Executives who don’t find their job to be meaningful are unlikely to contribute new ideas or improve critical processes. Essentially, they’re just coasting. They’re waiting for another opportunity to appear that they feel more excited about.
Once an executive no longer finds meaning in their role, it’s hard to reattract their attention. And that lack of interest can spell trouble for employee morale within the company. Other team members will feel their disinterest, and it will spread like the common cold.
Executives are a hard-working lot. Many put in time well beyond the standard 40-hour work week. They’ll work in the evenings and on weekends — all in an effort to meet company objectives and expand the business.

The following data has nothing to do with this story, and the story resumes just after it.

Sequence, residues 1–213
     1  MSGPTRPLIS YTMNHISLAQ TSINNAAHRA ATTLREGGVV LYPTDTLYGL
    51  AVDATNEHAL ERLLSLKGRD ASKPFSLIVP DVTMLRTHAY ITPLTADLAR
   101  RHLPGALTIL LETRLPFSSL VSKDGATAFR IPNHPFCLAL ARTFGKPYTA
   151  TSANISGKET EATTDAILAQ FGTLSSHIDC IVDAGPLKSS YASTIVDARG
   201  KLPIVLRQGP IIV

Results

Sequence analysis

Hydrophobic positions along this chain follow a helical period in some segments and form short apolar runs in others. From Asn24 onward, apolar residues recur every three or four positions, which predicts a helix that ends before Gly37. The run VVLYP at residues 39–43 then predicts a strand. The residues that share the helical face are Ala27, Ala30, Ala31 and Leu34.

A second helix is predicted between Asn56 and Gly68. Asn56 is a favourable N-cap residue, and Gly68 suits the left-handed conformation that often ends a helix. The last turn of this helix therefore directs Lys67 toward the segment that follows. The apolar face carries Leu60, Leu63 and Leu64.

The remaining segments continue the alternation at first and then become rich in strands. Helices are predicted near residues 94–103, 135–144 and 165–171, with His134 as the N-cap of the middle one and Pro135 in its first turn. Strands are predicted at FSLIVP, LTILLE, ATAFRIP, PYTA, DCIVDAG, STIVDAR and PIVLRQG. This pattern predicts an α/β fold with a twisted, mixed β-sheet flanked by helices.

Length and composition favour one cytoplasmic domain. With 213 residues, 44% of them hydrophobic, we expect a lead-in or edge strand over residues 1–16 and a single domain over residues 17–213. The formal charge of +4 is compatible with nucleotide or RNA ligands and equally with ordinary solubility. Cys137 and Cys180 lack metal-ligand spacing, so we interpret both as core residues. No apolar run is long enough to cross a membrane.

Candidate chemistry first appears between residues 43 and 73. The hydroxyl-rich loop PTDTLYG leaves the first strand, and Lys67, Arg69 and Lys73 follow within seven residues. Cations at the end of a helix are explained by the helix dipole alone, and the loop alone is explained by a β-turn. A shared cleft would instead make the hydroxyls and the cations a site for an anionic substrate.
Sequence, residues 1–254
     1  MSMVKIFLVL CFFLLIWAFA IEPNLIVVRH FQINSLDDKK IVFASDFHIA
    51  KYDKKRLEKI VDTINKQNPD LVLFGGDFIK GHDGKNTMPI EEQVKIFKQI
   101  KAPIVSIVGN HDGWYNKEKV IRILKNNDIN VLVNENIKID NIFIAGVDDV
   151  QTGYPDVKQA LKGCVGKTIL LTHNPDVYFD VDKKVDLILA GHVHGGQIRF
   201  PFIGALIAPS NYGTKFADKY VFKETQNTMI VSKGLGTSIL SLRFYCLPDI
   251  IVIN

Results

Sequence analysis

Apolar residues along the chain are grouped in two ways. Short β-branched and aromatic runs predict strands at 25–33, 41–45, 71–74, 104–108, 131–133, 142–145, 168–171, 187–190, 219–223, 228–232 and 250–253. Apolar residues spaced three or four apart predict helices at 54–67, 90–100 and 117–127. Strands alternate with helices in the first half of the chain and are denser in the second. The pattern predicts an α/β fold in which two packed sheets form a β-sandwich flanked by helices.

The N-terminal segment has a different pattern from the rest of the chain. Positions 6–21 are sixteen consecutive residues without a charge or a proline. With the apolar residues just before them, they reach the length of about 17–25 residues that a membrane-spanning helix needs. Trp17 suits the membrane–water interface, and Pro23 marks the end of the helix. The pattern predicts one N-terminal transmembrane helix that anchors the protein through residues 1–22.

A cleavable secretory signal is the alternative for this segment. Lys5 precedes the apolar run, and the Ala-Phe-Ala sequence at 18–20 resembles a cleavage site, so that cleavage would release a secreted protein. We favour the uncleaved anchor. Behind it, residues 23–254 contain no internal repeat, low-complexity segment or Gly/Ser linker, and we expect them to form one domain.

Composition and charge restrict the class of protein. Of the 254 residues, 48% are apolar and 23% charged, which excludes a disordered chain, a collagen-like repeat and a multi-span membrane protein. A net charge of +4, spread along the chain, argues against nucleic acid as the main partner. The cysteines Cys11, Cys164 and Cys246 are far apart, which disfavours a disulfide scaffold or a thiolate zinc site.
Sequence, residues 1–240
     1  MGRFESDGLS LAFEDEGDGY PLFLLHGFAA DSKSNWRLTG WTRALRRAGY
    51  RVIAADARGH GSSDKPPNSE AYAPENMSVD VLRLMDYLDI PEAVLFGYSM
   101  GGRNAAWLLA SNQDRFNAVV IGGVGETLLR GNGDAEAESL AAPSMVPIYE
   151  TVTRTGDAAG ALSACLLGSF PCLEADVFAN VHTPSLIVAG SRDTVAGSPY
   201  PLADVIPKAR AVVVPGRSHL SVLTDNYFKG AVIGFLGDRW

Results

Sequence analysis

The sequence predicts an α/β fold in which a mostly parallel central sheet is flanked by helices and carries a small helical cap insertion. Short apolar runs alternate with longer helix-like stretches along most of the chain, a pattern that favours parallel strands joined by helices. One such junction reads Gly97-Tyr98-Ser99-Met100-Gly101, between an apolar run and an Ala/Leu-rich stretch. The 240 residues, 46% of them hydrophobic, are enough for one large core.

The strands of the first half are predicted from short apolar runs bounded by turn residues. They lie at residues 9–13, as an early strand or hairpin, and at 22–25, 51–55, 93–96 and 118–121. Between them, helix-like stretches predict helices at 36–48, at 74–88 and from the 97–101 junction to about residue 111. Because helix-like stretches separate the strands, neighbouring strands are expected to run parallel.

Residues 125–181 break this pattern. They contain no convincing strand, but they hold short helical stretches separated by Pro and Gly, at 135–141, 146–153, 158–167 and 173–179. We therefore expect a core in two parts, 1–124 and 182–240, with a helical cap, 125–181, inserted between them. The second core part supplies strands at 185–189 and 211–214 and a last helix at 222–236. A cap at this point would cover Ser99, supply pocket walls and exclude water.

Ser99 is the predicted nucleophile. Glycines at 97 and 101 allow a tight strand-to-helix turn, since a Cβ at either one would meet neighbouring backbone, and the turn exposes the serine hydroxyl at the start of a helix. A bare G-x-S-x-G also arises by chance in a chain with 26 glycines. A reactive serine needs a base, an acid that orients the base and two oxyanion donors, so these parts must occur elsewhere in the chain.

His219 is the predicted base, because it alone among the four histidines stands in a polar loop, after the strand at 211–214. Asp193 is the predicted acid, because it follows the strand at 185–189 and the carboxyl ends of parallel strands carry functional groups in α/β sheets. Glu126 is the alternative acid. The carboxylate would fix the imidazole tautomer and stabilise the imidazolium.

While some executives are quite comfortable with this arrangement, younger ones aren’t as likely to feel the same. According to the UKG survey, the executives most likely to quit in the next twelve months are millennials and Generation Z workers.
Younger executives are more likely to have young families and children. Working seventy and eighty hours each week means they’re missing out on important milestones, like family vacations and their children’s school activities.
Those losses can take a toll on any executive, no matter how driven they are to succeed.
Sadly, nearly half of the executives in the UKG survey said they wouldn’t recommend their company, nor their profession, to their children or other young people. That’s concerning, as the next generation will be the ones to run major companies. If the glimmering sheen of executive roles is no longer attractive, finding competent workers who can handle the position will be challenging.